Arctic rain may soon be more common than snowfall

Projections from the latest models, published by an international team of researchers in the journal Nature Communications, show a steep increase in the rate and range of precipitation expected to fall in the Arctic, and that most of these future events will be rain. This shift is occurring due to rapid warming, sea ice loss, and poleward heat transport in the Arctic.

This transition to a rain-dominated era in the Arctic is forecasted to commence at different times depending on the season and region. In autumn, for instance, these new models predict the shift to occur between 2050 to 2080, whereas the old models predicted this to occur between 2070 to 2090.

Co-author Professor Julienne Stroeve (UCL Earth Sciences) said: “As the Arctic continues to warm in response to atmospheric greenhouse gases it is not surprising that the precipitation will start to transition from snow to rain. The worry is that it may happen sooner than we expected, with wide-ranging consequences.”

The paper, “New climate models reveal faster and larger increases in Arctic precipitation than previously projected,” warns that reduced snow cover will further exacerbate Arctic and global warming through albedo feedbacks, increased winter CO2 fluxes, methane releases from soil, and thawing permafrost.

Lead researcher Dr Michelle McCrystall, of the University of Manitoba, said: “There are huge ramifications of these changes, which we note in the paper, such as a reduction of snow cover, increased permafrost melt, more rain-on-snow events, and greater flooding events from increased river discharge, all of which have implications on wildlife populations and human livelihoods.”

The precipitation change will also affect soil moisture and groundwater, and the underground fungal networks that supports all aboveground flora.

And more rain-on-snow events may bring catastrophic starvation events to wild caribou, reindeer, and muskoxen populations: the thick ice crusts which form when the air again cools can be impenetrable, inhibiting the animals from accessing forage.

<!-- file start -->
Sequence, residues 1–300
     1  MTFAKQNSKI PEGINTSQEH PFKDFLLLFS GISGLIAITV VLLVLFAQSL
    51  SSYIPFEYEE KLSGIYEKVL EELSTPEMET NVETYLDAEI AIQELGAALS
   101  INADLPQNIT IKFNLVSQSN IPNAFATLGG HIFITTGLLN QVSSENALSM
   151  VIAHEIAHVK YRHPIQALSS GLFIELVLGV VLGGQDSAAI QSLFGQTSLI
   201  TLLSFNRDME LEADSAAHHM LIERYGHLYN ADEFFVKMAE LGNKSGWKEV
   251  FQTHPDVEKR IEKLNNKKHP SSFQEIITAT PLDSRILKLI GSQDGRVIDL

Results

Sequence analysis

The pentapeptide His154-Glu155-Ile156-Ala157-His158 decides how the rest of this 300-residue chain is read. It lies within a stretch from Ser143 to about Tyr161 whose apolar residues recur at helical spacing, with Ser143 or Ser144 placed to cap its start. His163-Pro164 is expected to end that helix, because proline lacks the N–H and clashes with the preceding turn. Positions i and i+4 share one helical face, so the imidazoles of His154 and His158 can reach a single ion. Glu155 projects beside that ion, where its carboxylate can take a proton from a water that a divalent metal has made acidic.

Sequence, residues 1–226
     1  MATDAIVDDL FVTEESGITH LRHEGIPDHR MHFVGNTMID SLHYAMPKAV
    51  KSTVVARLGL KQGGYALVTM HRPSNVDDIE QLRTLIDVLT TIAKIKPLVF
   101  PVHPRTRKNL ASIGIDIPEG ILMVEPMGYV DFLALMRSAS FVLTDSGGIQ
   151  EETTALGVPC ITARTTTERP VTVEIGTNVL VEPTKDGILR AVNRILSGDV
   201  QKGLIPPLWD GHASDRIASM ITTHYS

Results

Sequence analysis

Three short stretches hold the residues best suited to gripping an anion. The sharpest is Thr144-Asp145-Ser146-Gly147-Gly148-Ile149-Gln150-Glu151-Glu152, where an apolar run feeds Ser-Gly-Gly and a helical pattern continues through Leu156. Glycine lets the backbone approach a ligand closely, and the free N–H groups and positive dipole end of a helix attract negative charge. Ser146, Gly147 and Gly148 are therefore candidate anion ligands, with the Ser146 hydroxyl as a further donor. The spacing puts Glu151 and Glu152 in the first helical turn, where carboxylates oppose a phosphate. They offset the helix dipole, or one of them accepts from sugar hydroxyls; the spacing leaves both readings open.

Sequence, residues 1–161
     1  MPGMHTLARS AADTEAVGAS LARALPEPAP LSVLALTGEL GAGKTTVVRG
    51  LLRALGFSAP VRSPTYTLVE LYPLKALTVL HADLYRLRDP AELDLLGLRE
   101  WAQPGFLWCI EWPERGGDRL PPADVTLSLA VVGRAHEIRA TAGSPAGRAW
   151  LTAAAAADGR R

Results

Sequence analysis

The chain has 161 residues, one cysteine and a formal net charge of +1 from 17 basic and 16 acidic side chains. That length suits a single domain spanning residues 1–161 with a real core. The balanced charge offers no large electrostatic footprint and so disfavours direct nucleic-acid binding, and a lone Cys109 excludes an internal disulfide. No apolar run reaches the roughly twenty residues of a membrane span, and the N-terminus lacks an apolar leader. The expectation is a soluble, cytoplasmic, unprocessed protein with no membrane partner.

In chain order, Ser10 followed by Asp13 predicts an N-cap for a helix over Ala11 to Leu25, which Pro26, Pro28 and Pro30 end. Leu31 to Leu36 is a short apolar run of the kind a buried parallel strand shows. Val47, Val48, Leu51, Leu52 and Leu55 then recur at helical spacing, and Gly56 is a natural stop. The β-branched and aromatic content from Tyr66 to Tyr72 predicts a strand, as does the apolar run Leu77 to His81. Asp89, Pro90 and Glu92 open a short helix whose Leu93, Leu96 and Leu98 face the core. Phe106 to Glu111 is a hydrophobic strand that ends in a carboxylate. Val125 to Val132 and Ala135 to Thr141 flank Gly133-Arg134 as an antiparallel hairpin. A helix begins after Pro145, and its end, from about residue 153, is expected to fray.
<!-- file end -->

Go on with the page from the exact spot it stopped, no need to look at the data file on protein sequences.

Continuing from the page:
But migratory bird populations in the Arctic are expected to do well with these warmer and wetter conditions. “The issue facing us today is that the Arctic is changing so fast that Arctic wildlife might not be able to adapt,” said Professor Mark Serreze, co-author of the study and director of the National Snow and Ice Data Center in the US. “It’s not just a problem for the reindeer, caribou and musk ox, but for the people of the North that depend on them as well.”

The research team – which includes members from the University of Manitoba, University of Colorado Boulder, University of Lapland, and the University of Exeter, as well as UCL – note that if we can remain under 1.5C of global warming, then some of these projected changes (namely the transition to a rainfall dominated precipitation) may not occur in some regions of the Arctic.

But if we continue on the current trajectory, which given current global policies means that we could reach 3C global warming by the end of the century, that this transition will likely occur. Co-author Professor James Screen, of the University of Exeter, said: “The new models couldn’t be clearer that unless global warming is stopped, the future Arctic will be wetter; once-frozen seas will be open water, rain will replace snow.”

The research was supported by the Canada Research Chairs Program, the National Science Foundation, the European Commission Research and Innovation (CHARTER) and from the UK’s Natural Environment Research Council.


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